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Day 7 |
May 27, 2010

Belfast For The Antrim Coast

By Dr Chris Edwards (Rocky), Geologist/lichenologist

Co-ordinates: 54°36’N, 005°55’W

Weather: Heavy rain showers throughout the day. Weak front created unstable atmospheric conditions

Air Temperature: 11C max

Sea Temperature: 10C

Pressure: 1005hPa and falling

Wind: Northerly or north-westerly Force 3-4

In the very early morning the vessel had entered the sheltered waters of Belfast Lough and at 0700 we were approaching the quayside in the port of Belfast. To greet the vessel were the usual bevy of port officials, harbour police and the tourist board who had erected a tent structure in which were found maps. Other maps had been distributed on board and our departure from the vessel at around 0815 was heralded by a piper.

Once the logistics of ensuring that our numbers tallied, the four luxury coaches, which had been chartered for the day, set off on a short tour of the centre of Belfast. The Belfast City Hall, Queens University and the City Hospital were on the itinerary before we left Belfast heading northwards towards the coast. A set of four high-rise apartment blocks was passed, one of which bore the distinctive Irish tri-colour flag signifying that the religious tensions of the “troubles” of the past 30 years had not completely disappeared although Heather, our softly spoken local lady guide, was pleased to report that everyone was striving to make the peace work.

As we progressed northwards she was full of interesting facts about the surrounding countryside including the local resistance in Ballymoney to a proposed open-cast lignite (brown coal) extraction site that threatens to desecrate upwards of 400 acres of prime farm land, houses, churches etc. We passed through the village of Bushmills with its distillery but the consensus was that a “shopping experience” (and that is all it would have been) was not necessary. Indeed bottles of Bushmills whisky (if that is your preferred tipple instead of the Scottish “real thing”) are likely to be available in any licensed premises.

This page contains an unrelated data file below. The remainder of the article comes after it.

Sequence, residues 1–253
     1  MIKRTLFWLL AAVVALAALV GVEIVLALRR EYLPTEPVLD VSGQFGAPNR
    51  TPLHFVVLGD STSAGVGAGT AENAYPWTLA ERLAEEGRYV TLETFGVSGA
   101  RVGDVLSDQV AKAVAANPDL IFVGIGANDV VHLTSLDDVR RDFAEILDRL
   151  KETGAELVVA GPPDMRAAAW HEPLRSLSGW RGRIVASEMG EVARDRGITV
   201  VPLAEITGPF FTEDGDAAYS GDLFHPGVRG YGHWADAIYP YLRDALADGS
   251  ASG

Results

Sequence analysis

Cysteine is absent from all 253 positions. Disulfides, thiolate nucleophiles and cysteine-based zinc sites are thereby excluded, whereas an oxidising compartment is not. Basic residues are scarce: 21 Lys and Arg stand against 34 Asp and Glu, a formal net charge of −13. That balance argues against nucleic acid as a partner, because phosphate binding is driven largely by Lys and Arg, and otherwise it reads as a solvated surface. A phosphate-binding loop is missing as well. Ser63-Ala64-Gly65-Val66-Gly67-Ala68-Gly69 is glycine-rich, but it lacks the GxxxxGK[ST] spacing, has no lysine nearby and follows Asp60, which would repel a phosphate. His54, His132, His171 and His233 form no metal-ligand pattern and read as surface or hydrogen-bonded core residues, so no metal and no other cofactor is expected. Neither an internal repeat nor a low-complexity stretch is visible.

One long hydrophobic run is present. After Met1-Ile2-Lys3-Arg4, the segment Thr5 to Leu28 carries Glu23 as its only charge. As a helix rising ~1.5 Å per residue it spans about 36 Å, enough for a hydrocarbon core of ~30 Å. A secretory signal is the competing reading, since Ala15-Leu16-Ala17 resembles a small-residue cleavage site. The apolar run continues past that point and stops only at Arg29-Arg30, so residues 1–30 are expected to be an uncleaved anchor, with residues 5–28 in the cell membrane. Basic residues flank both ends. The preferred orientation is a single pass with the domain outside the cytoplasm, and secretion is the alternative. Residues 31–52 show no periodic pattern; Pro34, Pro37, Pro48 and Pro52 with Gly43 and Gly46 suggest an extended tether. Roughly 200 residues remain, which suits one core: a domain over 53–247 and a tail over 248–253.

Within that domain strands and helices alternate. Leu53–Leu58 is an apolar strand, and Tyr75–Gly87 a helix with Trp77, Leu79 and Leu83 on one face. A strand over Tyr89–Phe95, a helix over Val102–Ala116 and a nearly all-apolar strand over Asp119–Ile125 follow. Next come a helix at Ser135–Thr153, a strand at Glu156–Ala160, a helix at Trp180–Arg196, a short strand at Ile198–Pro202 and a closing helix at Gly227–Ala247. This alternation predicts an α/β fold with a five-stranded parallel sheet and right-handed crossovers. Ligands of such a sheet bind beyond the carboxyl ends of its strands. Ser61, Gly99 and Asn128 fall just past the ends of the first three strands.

The main excitement of the day was our visit to the unusual geological formation of the Giants Causeway on the coast east of Portrush.

When we arrived at the car park at the top of the hill above the shoreline it was evident that this was a popular attraction. A short video presentation was really just an advert for Ulster tourism but did raise a laugh when the legend of Finn MacCool was shown. However, that video proved to be sufficient for some guests who dived into the souvenir shop and then made it back to the coach. Perhaps the heavy shower of rain or the total lack of interest were contributing factors but many of our coach either walked down the half mile road or took the mini-coach to the car park at the causeway. However, even then a walk to edge of the tarmac and a return to the coach was a sufficient taste of this world heritage site.

As a geologist, the causeway is a fascinating glimpse into the centre of a cooling lava flow, which formed around 60 million years ago, at about the time the Atlantic Ocean began to open. Columnar jointing and cooling and shrinkage cracks such as are present in he Giants Causeway are not unusual but what makes this a special site is the easy of access and the exposure nicely washed by the sea and the ability to clamber all over the stones. The heavy rain showers were short and sharp but did not deter many visitors. Several managed to return up hill on the mini-bus but a few hardy souls walked up the hill back to the visitor’s centre and car park.